With that in mind, I had a quick phone conversation with Rita the day that she emailed me about her positive home pregnancy test and we talked through some details regarding her menstrual cycle. From everything she shared, from my own personal experience as a NaPro patient, and from my training as an FCPI - it really sounded like Rita's cycle screamed low progesterone, or endometritis (an infection in the uterus), or both! That said, I'm not a diagnostician and we didn't have a chart or lab work or cultures to prove my intuition. Low progesterone is the cause of many early miscarriages, but most doctors don't know how to treat it. So I just went with my gut and made an immediate referral to the nearest NaPro doctor.
At this point, I asked Rita to trust me. My goal is never to scare someone by talking about what constitutes a miscarriage risk, but I think there is a lot of value in providing the truth to people so that they can make informed decisions about their health care - especially when time is of the essence. Rita lived over an hour away from the nearest NaPro doctor though. I asked her to contact the doctor anyway. It was Friday evening at close of business. Yes, I was asking for a LOT out of her. She knew so little about me, what I do, what my training entails, and how necessary this recommendation was. I silently cringed and said a prayer in the silence across the phone, hoping for a miracle. I told her that if I were in the same situation, knowing what I know, I would want the doctor to help me figure out how urgent the need to be seen was.
To make a long story short, Rita called that doctor immediately. And the doctor did want to see Rita ASAP. And Rita received very necessary progesterone supplementation before and after finding out she had very low blood serum progesterone levels.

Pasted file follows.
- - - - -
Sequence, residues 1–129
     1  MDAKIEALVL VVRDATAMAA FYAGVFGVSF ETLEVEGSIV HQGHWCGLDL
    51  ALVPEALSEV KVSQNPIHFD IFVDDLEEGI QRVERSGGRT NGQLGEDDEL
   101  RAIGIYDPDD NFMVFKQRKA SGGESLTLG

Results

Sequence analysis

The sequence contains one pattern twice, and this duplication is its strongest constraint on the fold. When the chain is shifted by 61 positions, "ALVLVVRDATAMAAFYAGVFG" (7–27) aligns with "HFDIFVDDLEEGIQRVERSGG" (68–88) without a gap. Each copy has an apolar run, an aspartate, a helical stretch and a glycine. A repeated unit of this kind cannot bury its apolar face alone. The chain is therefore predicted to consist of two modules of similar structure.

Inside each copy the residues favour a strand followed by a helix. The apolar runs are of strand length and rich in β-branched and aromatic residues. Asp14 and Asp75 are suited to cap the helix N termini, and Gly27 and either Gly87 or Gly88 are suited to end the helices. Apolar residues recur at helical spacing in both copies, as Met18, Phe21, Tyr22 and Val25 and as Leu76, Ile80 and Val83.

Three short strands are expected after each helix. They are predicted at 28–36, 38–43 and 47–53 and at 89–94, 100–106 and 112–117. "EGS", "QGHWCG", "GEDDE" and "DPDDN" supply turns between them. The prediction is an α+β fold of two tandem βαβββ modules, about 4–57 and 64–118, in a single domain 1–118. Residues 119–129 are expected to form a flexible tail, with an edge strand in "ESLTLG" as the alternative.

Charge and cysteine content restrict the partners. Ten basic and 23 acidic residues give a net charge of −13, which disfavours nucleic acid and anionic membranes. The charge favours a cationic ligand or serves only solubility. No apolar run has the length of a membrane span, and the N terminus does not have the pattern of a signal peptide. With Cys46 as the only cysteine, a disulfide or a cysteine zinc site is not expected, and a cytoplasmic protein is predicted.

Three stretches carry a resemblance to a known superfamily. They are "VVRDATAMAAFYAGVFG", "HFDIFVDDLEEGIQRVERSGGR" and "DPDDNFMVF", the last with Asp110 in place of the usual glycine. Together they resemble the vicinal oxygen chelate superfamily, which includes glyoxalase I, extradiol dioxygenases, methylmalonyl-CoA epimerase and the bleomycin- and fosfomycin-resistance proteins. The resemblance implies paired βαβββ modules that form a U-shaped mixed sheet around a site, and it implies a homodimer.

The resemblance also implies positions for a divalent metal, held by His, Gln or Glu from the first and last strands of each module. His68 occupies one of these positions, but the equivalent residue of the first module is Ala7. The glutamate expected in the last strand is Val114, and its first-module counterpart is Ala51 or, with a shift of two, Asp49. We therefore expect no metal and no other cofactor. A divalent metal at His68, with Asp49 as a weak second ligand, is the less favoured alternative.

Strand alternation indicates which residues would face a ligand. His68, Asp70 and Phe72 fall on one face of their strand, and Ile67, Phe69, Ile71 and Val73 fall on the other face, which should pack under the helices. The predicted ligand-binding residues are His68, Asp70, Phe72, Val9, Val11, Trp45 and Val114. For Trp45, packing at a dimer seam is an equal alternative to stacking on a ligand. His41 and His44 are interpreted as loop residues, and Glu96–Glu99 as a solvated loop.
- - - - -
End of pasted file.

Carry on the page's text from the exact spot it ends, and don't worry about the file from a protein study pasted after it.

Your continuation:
And that's how we saved a baby in the beginning of June 2015! But it gets better...
Thankfully, Rita is successfully maintaining this pregnancy with bio-identical progesterone support, which she'll likely have to continue throughout her pregnancy as the doctor continues to monitor her levels. It used to be a widely held belief that the placenta "takes over" progesterone production in sufficient amounts at 12-13 weeks for every pregnant woman and that any supplementation used in the first trimester is unnecessary for the rest of the pregnancy. But we now know that some women continue to have progesterone issues throughout pregnancy...and we have 40 years of clinical data that show us this in thousands of pregnancies. Instead of risking miscarriage, it's better for a doctor to continue monitoring levels to make sure that they remain on the rise and at the right levels as the weeks of gestation progress.
There is no doubt in my mind that Rita's low progesterone was the cause (at least in part) of her infertility and that it presented a real and present danger to her unborn child. Perhaps she had an ovulation defect that caused the low progesterone? Perhaps she had a luteal phase defect that caused it? Perhaps she had both, or one caused the other? Either way, it's not fair to risk her child's life and withhold progesterone! I've seen situations like this end poorly, when progesterone was not provided quick enough. It's always terrible.